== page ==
Scorsese Marathon (1995 – 2013)

See also:
Scorsese Marathon (1963 – 1978)
Scorsese Marathon (1980 – 1995)

We did it!

Casino” (1995)

Loses points for being way too fucking long and not giving Don Rickles anything good to do. (3 out of 5 stars)

Movies. They’re magic, man. I love the personal approach Marty takes with this documentary. He talks about the movies that mean the most to him, not just the ones we usually hear about in these kinds of retrospectives. (4 stars.)

"Kundun" (1997)

Kundun” (1997)

With Roger Deakins working the camera you’re certain to get some beautiful imagery, but even he can’t make this film interesting. (2.5 stars)

Perfect. Like “After Hours,” this one doesn’t span decades but plays out over just a few nights, which I tend to enjoy a lot more, since it gives the actors a chance to portray a more fully formed character, not just reel off the greatest hits moments. (5)

"My Voyage to Italy" (1999)

My Voyage to Italy” (1999)

The one thing from Scorsese I still need to see is also his longest, by far. Coincidence?

"Gangs of New York" (2002)

Gangs of New York” (2002)

Pretty great! Too long (obviously), but very enjoyable. (4)

As Scorsese’s music documentaries go, this one left me pretty cold. Not my favorite musical genre, either.

Directed by Martin Scorsese

The Aviator” (2004)

A somewhat messy biopic with a wonderful Cate Blanchett. I would have liked to see more of her, even if it meant stretching the already excessive running time for another couple of minutes. (3)

I never paid a lot of attention to Dylan’s music or person, so this portrait and history of both was a big, positive surprise for me. Not at all the recluse I had imagined him to be, Bob Dylan charms his way through the – only slightly too long – documentary, featuring new and archival interviews and clips with him and his contemporaries. (4)

The Departed” (2006)

Highly enjoyable, especially the performances. Having seen the original as part of the marathon, too, The Departed is a pretty great example of a remake that both honors the source but very much is its own thing, as well. (4.5)

“The Key to Reserva” (2007)

It’s a commercial, yes, but it also gives us a glimpse of what Alfred Hitchcock by way of Martin Scorsese would look like, and that’s pretty cool. Bonus points for the Thelma appearance! (4.5)

Shine a Light” (2008)

About as entertaining as a Rolling Stones concert. (That’s a lot!) (4)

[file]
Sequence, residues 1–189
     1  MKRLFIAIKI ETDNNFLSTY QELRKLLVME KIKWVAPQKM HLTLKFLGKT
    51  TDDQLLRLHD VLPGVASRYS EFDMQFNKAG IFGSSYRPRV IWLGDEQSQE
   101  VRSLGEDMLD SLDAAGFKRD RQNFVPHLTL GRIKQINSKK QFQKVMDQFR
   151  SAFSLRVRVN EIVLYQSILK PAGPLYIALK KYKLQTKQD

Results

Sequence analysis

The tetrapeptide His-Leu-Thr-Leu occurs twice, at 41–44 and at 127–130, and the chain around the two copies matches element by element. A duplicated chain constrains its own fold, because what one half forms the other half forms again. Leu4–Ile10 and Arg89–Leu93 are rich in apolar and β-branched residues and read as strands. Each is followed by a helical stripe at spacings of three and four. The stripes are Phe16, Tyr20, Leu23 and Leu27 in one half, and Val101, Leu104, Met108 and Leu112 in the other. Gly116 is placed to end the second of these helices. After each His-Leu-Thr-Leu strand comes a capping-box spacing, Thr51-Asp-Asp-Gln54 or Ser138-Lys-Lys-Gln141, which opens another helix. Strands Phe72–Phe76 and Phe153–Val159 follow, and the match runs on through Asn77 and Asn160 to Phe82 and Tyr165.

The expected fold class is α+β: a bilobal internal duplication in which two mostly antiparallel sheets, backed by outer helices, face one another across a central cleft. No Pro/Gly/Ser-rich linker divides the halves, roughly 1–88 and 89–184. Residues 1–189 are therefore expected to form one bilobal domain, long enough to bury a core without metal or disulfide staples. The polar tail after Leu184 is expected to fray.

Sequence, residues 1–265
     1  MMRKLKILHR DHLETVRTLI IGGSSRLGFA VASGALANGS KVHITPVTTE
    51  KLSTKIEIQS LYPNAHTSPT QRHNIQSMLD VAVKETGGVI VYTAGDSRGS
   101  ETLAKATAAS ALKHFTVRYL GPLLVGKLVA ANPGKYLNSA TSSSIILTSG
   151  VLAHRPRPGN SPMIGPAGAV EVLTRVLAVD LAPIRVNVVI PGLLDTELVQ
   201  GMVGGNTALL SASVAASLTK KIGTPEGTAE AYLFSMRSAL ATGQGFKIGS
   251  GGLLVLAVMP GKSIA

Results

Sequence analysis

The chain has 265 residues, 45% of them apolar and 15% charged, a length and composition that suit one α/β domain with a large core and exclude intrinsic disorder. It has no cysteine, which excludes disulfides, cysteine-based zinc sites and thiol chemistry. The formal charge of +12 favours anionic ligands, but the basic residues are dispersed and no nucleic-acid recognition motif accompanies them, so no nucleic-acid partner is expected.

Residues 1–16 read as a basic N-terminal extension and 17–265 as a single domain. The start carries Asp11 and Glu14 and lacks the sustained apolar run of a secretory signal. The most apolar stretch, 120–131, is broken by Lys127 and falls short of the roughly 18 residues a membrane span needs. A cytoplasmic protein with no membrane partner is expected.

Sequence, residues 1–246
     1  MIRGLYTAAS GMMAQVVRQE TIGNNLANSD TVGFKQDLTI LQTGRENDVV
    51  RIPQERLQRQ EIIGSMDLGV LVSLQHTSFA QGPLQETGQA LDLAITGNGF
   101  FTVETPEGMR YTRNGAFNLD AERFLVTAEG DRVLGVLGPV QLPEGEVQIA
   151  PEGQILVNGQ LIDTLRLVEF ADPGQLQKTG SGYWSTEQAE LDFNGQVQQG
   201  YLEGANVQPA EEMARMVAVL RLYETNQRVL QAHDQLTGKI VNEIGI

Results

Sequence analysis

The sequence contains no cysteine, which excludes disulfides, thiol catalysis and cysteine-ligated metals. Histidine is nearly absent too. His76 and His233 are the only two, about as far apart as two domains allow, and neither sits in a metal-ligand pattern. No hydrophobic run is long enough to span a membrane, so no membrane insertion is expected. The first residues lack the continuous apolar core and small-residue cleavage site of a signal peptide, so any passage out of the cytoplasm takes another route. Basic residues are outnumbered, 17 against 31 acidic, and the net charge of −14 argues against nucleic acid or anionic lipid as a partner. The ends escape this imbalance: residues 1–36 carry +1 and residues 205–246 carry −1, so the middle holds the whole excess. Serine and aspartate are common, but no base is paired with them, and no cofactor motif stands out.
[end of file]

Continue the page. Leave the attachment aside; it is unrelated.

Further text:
Boardwalk Empire: “Boardwalk Empire” (2010)

Haven’t watched any more episodes, yet, but I liked the pilot. Even Michael Pitt, whom I usually can’t stand, did some good acting here, and the setting and characters are promising. (4)

Public Speaking” (2010)

A twenty year old clip from Late Night with Conan O’Brien (that I actually remember watching when it first aired) aside, the highlight of this documentary is when Marty recreated the opening of Taxi Driver with Fran Lebowitz in the DeNiro role.

Made me want to watch Taxi Driver again.

Shutter Island” (2010)

This film is all about atmosphere, and if you’re able to concentrate on that and not get distracted by some of the thinner plot elements, you’ll get the most out of it. I had seen it before but I think it benefited from a second viewing, where you don’t have to try to “solve the mystery.” (4.5)

American Masters: “A Letter to Elia” (2010)

I’ve not seen a single picture by Kazan, but after seeing this I’m eager to redeem that. This documentary suffered a bit by the constraints of being a PBS production and only being co-directed by Scorsese, so I don’t really know how to compare it to his other works.

A masterfully crafted documentary about an extraordinary man.

(On a technical note: Of course the audio is brilliant – do yourself a favor and listen to the uncompressed, remastered Beatles records on a decent system at least once in your life – but I was also very impressed by the quality of all those archival television clips. They must have scanned and restored the master tapes to achieve that, and it all looks gorgeous projected from the blu-ray.) (5)

Hugo” (2011)

After I watched “Hugo” for the first time two years ago, I had these things to say, and I stand by them:

  • Terrible acting all around. My guess is that Scorsese was distracted by all the 3D and CGI work.